DIY Asterisk Integration

Hi folks,

I just configured Rocket.Chat integration with Asterisk, and to save you all the pain I’ll share with you my findings and make it easy.


  • Asterisk 16.19.0 or higher (I used FreePBX with Asterisk 18.6.0)
  • Valid SSL certificate (valid domain of course)
  • I used Rocket.Chat SaaS under trial period 4.8.1

So, hands-on.

  1. Prepare FreePBX (if you have one ready skip this step, probably)
    Install your FreePBX server, as usual (that’s out of the scope of this tutorial), and update it using your OS package manager, I used CentOS 7, in such case it’s:
yum update -y

Enter your server web interface and set password and update settings, and do the activation process, DON’T SKIP, you’ll need some features later that are only available if you activate your server instance (that’s also out of the scope of this tutorial, but you can do it for free so don’t be lazy and do it).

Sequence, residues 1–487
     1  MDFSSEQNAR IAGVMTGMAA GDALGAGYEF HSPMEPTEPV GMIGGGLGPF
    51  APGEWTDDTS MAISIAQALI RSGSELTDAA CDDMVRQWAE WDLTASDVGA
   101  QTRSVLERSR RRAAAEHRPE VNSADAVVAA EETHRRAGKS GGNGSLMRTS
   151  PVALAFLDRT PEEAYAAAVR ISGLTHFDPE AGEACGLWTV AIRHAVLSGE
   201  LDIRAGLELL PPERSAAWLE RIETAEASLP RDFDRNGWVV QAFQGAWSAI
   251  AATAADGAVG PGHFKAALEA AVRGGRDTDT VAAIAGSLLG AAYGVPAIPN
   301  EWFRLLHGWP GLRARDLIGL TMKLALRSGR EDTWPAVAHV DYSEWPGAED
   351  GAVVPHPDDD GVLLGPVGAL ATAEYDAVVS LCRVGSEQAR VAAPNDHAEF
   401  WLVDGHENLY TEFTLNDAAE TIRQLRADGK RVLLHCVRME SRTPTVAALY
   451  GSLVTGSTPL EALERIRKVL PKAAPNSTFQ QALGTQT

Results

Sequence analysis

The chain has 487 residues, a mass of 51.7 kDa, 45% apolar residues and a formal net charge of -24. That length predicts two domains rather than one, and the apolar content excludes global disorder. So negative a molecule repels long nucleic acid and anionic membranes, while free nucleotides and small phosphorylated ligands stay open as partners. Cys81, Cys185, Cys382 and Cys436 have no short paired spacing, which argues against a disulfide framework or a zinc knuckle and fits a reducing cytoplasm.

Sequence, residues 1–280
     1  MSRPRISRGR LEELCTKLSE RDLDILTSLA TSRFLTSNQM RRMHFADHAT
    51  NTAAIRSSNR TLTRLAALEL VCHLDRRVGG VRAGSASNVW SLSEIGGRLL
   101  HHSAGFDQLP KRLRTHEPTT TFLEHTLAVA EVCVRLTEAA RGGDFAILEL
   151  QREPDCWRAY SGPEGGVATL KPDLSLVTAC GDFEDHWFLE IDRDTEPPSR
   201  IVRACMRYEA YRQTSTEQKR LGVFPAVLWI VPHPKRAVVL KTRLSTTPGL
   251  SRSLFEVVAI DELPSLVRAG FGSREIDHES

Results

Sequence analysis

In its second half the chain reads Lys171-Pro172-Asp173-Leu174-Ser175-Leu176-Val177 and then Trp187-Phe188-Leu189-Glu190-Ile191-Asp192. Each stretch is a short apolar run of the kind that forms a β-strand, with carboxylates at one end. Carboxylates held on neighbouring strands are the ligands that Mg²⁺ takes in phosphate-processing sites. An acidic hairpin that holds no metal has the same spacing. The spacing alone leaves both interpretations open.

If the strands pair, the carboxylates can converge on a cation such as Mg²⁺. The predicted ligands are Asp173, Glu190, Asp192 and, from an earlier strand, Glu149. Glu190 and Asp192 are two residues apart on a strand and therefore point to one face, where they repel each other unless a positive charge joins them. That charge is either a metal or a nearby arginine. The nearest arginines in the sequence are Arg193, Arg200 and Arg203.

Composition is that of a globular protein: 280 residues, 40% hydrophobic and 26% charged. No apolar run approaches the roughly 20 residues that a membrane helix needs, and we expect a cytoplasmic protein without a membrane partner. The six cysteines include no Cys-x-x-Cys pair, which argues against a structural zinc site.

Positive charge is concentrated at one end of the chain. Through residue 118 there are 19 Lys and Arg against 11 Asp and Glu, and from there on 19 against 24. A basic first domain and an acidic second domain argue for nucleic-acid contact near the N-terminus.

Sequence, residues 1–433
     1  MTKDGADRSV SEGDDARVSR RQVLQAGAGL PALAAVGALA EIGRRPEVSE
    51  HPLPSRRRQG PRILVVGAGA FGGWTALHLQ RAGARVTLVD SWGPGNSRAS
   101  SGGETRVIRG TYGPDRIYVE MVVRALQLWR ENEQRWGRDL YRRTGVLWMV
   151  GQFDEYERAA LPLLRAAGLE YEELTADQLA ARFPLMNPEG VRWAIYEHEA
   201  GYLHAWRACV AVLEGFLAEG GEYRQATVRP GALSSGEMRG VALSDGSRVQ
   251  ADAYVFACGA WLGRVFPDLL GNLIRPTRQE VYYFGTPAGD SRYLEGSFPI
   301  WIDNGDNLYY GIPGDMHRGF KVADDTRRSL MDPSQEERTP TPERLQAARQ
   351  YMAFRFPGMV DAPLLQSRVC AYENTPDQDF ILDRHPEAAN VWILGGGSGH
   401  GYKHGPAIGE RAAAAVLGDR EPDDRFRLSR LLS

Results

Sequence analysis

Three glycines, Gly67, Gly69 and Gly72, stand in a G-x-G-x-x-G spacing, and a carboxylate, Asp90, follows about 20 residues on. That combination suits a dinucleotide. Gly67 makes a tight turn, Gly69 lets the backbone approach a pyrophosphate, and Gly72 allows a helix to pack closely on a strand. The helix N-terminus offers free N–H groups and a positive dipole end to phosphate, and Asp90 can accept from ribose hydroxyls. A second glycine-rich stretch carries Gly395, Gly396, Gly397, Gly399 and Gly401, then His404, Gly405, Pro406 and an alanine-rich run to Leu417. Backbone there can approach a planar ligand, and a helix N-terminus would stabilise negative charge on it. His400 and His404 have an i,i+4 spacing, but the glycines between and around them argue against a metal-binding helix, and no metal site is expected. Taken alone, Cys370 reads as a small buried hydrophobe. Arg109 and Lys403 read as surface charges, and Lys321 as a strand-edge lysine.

Complete the firewall basic configuration. We will do some more afterward.

  1. Configure the FreePBX firewall
    Now we need to prepare the FreePBX firewall to accept AMI (Asterisk Manager Interface) and WSS (WebSocket Secure), these two don’t come by default.
    1.1 Configure custom services AMI and WSS
    Go To Connectivity - Firewall - Services, under the Services tab search for WebRTC and mark Internet and Other options, Local is active by default.

    We want WebRTC in the Internet zone because the Webphone will connect from the client’s IP address, which could be anywhere.

Turn to the “Custom Services” tab and hit the “Create new service” button, name the service AMI, select TCP, and write the port range 5038:5039, click Save

Mark the “Other” option and save (green button), AMI goes in the “Other” zone because only some specific endpoints should be connecting to AMI.